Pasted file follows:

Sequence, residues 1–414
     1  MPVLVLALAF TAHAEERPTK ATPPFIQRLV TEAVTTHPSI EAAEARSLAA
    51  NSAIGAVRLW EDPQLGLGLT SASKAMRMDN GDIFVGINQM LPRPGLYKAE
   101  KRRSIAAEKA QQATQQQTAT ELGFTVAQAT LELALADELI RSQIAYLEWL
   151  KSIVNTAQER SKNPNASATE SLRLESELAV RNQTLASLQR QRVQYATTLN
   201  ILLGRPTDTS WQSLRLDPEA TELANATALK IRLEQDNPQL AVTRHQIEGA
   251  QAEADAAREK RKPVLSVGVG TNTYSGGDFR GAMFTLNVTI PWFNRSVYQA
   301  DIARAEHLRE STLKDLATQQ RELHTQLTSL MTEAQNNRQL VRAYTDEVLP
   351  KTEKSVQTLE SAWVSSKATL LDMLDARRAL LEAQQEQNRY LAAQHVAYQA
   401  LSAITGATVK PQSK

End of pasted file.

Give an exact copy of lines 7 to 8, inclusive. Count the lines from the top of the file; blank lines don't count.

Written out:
   251  QAEADAAREK RKPVLSVGVG TNTYSGGDFR GAMFTLNVTI PWFNRSVYQA
   301  DIARAEHLRE STLKDLATQQ RELHTQLTSL MTEAQNNRQL VRAYTDEVLP